The Love Theory I : A Seven Year History

This is about a theory leading to an experiment that I have run with my life over the past seven years. It was supposed to run indefinitely. I have since seen reasons over the years to suspect that my theory might not be the best way to continue. Before an important and impending milestone, my next birthday I am carefully considering the evidence for and against the position I took up in the year 2007.

Sometime in 2007 I had an intriguing conversation with a female friend and schoolmate at a recreational garden on “Love”. It was my first year in university and already I had noticed how ‘couples’ littered the campus. Love was in the air, everywhere you looked or so it seemed. People were constantly falling into irresistible; stirring ‘love’ but the majority of these relationships lasted only briefly: a few weeks, or a few months.

As my friend and I talked sharing our individual perceptions and experiences, we came to the conclusion that something crucial was clearly lacking and missing in the popular romances. I went a step further to emphatically state that the short-lived, infatuation filled encounters erupting all around us were too shallow and too weak to be regarded as expressions of genuine love. I thought I was innately a lover – I had previously written (now) embarrassing poetry for a girl ,my heartbeat raced whenever I looked at a girl I liked and I felt overflowing satisfaction on the few occasions when I actually managed to talk to my crushes  – so I was quite hurt to see the emotion I so treasured, depreciated and demeaned.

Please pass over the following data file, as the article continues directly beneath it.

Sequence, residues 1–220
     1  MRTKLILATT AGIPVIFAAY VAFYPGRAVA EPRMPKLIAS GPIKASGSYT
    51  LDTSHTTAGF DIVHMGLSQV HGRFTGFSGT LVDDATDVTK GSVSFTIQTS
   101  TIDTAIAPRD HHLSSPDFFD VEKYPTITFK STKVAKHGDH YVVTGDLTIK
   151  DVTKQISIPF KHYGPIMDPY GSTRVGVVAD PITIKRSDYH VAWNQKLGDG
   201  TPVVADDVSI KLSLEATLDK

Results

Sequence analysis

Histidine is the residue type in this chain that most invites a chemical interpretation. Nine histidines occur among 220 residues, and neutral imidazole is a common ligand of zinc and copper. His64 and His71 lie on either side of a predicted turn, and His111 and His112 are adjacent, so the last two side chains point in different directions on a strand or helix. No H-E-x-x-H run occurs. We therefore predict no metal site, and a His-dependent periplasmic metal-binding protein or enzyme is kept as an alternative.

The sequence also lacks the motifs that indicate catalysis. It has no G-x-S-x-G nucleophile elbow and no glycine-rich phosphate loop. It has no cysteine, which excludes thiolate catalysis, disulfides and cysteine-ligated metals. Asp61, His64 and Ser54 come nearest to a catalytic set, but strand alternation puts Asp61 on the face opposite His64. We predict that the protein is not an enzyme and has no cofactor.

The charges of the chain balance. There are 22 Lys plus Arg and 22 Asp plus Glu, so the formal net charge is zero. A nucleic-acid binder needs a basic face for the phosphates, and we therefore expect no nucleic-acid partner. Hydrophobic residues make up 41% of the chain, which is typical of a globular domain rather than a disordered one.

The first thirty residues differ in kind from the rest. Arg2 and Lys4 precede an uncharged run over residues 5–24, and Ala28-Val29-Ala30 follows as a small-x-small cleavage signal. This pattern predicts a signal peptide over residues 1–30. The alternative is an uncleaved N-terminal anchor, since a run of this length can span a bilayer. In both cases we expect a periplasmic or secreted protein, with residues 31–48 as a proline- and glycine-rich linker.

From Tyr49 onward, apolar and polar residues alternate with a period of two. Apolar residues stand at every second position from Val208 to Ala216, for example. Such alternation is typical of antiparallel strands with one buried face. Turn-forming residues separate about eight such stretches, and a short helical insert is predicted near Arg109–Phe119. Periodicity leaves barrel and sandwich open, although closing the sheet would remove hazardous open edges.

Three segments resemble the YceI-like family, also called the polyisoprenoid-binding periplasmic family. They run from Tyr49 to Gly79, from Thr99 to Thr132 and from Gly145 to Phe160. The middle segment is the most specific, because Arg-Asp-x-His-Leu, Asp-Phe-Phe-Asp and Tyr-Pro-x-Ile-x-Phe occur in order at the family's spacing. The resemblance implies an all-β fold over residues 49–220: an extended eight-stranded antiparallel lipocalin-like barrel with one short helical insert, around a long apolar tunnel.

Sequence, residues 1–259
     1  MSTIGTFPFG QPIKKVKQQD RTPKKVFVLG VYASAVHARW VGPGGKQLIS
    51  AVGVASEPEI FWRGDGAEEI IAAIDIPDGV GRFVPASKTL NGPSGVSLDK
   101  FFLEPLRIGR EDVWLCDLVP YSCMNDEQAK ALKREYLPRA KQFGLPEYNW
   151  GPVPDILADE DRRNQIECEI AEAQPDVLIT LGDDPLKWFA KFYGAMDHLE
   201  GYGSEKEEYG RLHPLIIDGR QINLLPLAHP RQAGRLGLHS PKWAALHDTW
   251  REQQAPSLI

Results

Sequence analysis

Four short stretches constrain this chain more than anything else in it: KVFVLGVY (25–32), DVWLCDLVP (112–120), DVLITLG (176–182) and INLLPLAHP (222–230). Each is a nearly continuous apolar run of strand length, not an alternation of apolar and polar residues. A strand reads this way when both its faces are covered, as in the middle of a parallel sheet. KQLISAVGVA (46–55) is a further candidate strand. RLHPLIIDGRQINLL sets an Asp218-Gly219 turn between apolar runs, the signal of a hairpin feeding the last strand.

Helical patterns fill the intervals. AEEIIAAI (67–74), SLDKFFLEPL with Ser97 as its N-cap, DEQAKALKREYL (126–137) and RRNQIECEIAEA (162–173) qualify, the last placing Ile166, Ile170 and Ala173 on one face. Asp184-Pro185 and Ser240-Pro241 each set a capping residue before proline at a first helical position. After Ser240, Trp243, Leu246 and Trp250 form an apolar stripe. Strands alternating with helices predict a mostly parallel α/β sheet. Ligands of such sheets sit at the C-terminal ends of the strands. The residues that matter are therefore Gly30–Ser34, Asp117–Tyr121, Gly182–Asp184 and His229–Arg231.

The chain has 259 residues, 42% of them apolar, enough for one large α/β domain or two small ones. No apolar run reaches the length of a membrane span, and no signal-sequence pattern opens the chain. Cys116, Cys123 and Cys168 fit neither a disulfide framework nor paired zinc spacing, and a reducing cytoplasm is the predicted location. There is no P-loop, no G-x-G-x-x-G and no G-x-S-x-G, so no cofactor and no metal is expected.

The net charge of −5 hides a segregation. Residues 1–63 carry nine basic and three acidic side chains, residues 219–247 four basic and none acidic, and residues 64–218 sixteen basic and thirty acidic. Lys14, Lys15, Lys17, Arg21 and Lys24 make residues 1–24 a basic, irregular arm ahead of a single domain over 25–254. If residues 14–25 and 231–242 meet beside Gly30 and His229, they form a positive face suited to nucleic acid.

Still not content, I told her that I would only say the words “I love you” when I was absolutely sure that I meant it, and that I intended to say it to only one girl, ever.  I wonder if she still recalls that conversation, because I never forgot it. Those two simple statements unassumingly set the stage for a lot of what would later unfold. They meant that:

  1. I would not rush into declarations of love. I would have to patiently wait to distinguish my – at that point – endless crushes from feelings of a much more permanent nature.
  2. If I was going to exercise severe restraint and be sparing in my use of the word ‘love’, if I aimed to not say it until I had found the girl I would happily spend the rest of my life with, I’d clearly have a tough time finding a girlfriend. “I like you” only gets a guy so far.

With my competitors (other guys) promising undying love at every corner, whether genuinely felt, genuinely imagined, or genuinely contrived to deceive, my choice would put me at a significant disadvantage. And I did not mind. Because I was fiercely independent and it goes without saying, sorely, crazily idealistic.

@TReflector

This is one, of a planned set of three posts. 

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Tolu O

intends to learn to write someday, is inquisitive, maverick, and a playful lover- of music and words.

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